Something about him seemed to make everyone want to talk to him. He didn’t know whether it was simply because most people knew a lot of crap about him due to his injuries and they wanted to level the playing field, or if it was because of “his baby face” as Hudson liked to say.
“Nothing worth talking about. Just ran into my ex and he always makes me feel icky.”
“Sorry about that,” Lane said. “Exes can be that way.”
“They can be, which is why they are exes. I guess I’ll see about getting one of those clay pot trees,” Felicity said as they turned off the main highway and found a parking space outside the Scott Christmas tree lot.
Carson had the lot set up with a tent that served Sage’s famous hot chocolate and gingerbread and other holiday goodies. There were horse-drawn sleigh rides for families and of course the opportunity to select and cut down the Christmas tree of choice.
“This is nice. Thank you again.”
“You’re very welcome,” he said. He took her to get hot chocolate and realized that people were staring at them.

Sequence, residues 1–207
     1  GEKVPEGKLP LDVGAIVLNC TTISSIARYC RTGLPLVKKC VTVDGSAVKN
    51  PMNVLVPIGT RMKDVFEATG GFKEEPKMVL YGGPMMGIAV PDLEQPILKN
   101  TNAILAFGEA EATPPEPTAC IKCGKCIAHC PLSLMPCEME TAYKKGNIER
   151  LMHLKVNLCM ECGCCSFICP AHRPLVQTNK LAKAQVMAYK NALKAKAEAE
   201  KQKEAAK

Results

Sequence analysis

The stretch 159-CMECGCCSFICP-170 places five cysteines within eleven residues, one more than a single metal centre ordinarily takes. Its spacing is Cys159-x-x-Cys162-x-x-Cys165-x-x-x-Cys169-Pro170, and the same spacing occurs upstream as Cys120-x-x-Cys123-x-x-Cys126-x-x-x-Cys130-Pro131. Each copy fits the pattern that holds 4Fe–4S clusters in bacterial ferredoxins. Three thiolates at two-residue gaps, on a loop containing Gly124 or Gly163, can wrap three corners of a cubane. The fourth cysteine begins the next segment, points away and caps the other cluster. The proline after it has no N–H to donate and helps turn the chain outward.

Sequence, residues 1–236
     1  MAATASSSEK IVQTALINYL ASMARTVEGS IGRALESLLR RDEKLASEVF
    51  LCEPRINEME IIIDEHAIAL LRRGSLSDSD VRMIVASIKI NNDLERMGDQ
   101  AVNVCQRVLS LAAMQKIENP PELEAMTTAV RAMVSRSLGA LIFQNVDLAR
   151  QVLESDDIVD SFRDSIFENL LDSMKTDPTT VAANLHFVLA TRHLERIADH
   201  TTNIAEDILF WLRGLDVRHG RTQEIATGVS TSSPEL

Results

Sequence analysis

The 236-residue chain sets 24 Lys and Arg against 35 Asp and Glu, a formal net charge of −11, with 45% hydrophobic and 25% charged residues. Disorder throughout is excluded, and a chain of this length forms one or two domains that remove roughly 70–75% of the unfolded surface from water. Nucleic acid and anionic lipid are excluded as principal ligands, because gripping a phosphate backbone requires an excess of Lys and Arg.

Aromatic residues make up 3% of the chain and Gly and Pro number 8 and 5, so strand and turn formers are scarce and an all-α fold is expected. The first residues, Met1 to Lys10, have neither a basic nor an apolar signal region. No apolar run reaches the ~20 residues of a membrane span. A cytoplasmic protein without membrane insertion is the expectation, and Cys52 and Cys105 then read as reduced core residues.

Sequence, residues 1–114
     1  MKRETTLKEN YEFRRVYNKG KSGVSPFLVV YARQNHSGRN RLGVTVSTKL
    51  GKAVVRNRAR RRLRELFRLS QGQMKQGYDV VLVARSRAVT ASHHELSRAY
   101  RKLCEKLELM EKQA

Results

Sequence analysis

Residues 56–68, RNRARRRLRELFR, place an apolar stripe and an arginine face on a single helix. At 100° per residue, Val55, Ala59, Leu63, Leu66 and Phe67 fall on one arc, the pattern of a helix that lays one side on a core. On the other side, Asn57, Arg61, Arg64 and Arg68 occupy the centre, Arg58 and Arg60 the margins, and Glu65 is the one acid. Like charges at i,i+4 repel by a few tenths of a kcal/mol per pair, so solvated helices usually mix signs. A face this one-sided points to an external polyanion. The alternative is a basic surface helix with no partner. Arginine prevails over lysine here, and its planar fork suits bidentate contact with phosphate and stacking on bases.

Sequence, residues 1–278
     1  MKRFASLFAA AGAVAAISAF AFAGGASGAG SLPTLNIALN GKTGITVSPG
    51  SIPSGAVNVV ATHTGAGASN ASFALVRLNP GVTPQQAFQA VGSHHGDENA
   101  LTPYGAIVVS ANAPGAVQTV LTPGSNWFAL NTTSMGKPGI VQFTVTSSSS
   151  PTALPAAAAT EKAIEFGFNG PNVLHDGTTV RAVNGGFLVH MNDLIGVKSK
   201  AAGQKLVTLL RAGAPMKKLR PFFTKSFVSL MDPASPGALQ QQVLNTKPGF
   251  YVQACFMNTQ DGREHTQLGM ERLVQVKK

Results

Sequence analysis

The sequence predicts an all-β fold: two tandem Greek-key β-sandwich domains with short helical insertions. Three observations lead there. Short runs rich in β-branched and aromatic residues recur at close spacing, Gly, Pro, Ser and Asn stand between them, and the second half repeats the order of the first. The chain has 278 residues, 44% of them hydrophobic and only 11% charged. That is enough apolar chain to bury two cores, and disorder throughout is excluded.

“Guess you don’t date much,” Lane said.
Felicity groaned. “It’s not that. They’re probably thinking you deserve someone better than me. I broke up with my ex very publicly by throwing a drink on him and have been lying low since then. Sorry, Lane—gosh I say that a lot around you. But it’s sincere.”
“It’s all right. So I’m the first guy you’ve been seen with since the breakup?”
“Yup. Sorry about that.”
“Nothing to be sorry about; we’re friends, right?”
She looked up at him, her eyes bright and hopeful with just a hint of the lingering sadness. “We are friends.”
“Good,” he said. “Do you need help picking out your tree?”
She shook her head. “Besides I see Carson waving furiously at you. I think you’re needed.”
“Not if you need me,” Lane said.
“That’s very sweet but honestly I’m good for now. I’ll get one of the hands to take me back to town as well. Thanks for the ride.”
Lane wanted to argue but he felt like she was trying to get away and he let her go. Besides lifting and carrying a Christmas tree into her house wasn’t something he could do. As he watched her go, he realized that he wanted to be able to do that.
Was that what this ennui was about? The fact that being home made it harder to feel normal, since he remembered the man he used to be and there wasn’t a bridge between the past and the present for him?
Well this Christmas he was determined to figure it out and make the next year one where he felt alive again.
End of Excerpt